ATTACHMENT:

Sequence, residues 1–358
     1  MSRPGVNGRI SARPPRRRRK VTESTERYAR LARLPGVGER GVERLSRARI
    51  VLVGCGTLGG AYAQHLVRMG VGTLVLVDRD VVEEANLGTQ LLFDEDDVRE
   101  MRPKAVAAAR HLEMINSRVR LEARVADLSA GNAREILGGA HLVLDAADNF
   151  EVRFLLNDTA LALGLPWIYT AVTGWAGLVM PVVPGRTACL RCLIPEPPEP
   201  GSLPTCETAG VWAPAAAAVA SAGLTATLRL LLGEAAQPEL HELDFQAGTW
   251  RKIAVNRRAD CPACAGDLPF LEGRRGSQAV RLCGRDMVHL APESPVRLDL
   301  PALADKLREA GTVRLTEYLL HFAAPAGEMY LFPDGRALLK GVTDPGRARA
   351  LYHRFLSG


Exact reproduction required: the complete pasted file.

Sequence, residues 1–358
     1  MSRPGVNGRI SARPPRRRRK VTESTERYAR LARLPGVGER GVERLSRARI
    51  VLVGCGTLGG AYAQHLVRMG VGTLVLVDRD VVEEANLGTQ LLFDEDDVRE
   101  MRPKAVAAAR HLEMINSRVR LEARVADLSA GNAREILGGA HLVLDAADNF
   151  EVRFLLNDTA LALGLPWIYT AVTGWAGLVM PVVPGRTACL RCLIPEPPEP
   201  GSLPTCETAG VWAPAAAAVA SAGLTATLRL LLGEAAQPEL HELDFQAGTW
   251  RKIAVNRRAD CPACAGDLPF LEGRRGSQAV RLCGRDMVHL APESPVRLDL
   301  PALADKLREA GTVRLTEYLL HFAAPAGEMY LFPDGRALLK GVTDPGRARA
   351  LYHRFLSG